I have always been fascinated with the strange, the unusual, and the slightly creepy. So tell me that there is a chapel in Evora, Portugal decorated with thousands of human skeletons, and I will be in there like a dirty shirt.
The chapel is aptly named Capela dos Ossos, or the Chapel of Bones. It’s actually an interior chapel located inside the Igreja de São Francisco (Church of St. Francis), a lovely church built in the late 1400s-early 1500s. The Chapel of Bones was built either in the 16th or 17th Century (both centuries are mentioned on signage within the chapel, so I’m not sure which is more accurate) by Franciscan Monks to relay the message of the transitory nature of life. This message comes across loud and clear from the banner written in Portuguese over the entrance to the chapel:
Nós Ossos Que Aqui Estamos Pelos Vossos Esperamos roughly translates to “We Bones That Are Here, Await Yours.” *Shudder* That was almost enough to make me turn tail and run out of there. But, as I said, this sort of thing intrigues me in a creepy kind of way. Besides, we’ve walked through the Catacombs below the streets of Paris, which was filled with way more skeletons than this chapel. So it couldn’t be that bad.
At 18.7 meters long and 11 meters wide, it’s not a very large chapel, and the three windows to the left don’t exactly make it feel light and spacious. I found it a little claustrophobic actually.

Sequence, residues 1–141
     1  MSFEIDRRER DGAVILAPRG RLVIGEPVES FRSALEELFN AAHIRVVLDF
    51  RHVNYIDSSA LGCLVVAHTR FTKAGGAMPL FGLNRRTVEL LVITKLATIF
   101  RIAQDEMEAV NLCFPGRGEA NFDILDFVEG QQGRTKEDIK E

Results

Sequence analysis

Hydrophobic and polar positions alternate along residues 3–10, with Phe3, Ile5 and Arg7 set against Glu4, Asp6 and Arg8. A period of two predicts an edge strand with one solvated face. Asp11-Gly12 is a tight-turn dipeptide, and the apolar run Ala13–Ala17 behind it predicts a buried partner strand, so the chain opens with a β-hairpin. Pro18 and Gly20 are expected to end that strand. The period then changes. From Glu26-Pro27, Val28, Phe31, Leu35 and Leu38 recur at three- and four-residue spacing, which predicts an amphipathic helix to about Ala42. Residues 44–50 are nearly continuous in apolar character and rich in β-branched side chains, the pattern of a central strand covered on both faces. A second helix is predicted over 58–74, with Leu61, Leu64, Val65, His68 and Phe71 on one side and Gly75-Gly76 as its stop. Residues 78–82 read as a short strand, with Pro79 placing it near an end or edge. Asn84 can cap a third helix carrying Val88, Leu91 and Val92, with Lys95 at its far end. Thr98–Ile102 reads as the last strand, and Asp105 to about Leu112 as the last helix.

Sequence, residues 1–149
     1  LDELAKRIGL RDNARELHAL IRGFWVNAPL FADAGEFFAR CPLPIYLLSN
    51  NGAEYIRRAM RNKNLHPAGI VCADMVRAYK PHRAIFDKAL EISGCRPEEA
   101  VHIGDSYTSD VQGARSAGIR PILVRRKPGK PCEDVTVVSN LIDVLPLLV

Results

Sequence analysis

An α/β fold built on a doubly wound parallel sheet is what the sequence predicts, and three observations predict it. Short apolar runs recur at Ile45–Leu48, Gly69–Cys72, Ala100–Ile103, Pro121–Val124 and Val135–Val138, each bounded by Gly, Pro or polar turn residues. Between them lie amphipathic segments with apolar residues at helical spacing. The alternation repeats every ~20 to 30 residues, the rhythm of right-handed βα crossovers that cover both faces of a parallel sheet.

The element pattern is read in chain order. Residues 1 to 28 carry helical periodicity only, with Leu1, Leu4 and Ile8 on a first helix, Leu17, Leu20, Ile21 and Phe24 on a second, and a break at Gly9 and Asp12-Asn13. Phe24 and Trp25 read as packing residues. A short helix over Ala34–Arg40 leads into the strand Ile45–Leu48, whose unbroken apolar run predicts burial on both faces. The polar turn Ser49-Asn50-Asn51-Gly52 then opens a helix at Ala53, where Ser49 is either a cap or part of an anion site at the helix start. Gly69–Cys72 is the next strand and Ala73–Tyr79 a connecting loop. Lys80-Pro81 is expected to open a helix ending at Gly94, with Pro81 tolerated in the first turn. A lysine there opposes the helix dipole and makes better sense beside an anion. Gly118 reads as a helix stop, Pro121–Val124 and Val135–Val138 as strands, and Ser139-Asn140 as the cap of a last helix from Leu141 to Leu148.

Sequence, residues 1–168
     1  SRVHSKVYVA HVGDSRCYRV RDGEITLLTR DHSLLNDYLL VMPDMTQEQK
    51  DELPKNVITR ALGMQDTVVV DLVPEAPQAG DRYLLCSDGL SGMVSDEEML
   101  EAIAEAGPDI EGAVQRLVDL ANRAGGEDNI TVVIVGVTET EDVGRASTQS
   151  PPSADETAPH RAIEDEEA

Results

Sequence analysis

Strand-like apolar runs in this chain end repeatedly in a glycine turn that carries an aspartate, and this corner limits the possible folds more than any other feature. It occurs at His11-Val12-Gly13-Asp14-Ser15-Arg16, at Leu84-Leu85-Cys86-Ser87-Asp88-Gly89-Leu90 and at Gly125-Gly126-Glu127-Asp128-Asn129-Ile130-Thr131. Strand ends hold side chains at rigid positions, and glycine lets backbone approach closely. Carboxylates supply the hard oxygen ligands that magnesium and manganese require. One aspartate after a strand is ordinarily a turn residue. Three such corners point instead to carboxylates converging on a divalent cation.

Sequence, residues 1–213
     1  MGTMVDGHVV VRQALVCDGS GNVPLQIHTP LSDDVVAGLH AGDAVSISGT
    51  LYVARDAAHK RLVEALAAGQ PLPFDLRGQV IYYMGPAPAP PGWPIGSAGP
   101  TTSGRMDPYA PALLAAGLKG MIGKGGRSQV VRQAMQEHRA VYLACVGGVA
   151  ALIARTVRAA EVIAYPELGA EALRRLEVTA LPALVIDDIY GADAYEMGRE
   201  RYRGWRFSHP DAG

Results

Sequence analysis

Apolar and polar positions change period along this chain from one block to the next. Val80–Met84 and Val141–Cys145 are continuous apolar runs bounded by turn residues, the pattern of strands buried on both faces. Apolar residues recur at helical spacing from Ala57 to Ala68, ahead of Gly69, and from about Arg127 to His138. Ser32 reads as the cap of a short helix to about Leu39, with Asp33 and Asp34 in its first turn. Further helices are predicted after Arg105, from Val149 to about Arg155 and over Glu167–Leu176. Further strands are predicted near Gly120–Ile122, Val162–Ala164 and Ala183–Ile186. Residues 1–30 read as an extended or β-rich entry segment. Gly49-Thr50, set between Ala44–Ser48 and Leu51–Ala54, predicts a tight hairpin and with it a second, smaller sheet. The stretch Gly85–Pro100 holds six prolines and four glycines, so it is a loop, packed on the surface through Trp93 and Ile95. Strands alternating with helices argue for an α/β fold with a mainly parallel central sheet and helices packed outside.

The chapel was built as an extension of the Chapter House of the convent of São Francisco. The tomb chest above belongs to the founders of the Convent.
This is the floor tomb of Bishop Jacinto Carlos de Silveira, who died in 1808 during the invasion of Evora by Napoleonic French troops.
The bones are held in place with cement, and there are bare patches where bones came off or were removed. The bones came from several church cemeteries, and it’s estimated there are approximately 5000 skeletons decorating the interior of the chapel.
The ceiling was painted in the 1800s with numerous motifs: more skulls and macabre symbology. Non Moriar Sed Vivam translates to “I Shall Not Die, But Live.” While the sentiment is slightly more uplifting, the imagery is quite the opposite.
And if that isn’t enough to darken your mood, there’s this tale:
There are two mummified bodies in the chapel which hang from ropes on the wall, one of a five-year old child. The story goes that an abused wife cursed her husband and son on her death bed, that when they died, the flesh would never completely fall from their bones. Unfortunately the mummies weren’t there during our visit, but there was a photo of them:
Overall the visit lasted maybe 20 minutes, but the sensation of being in such a gloomy, oppressive environment lasted well beyond that. It was absolutely worth visiting, but it weighs a bit heavy on you for a while after you leave, so it’s not for the squeamish or faint of heart. Which I guess is what the monks who created it were aiming for, to make people feel contemplative and thoughtful. Mission accomplished, I would say.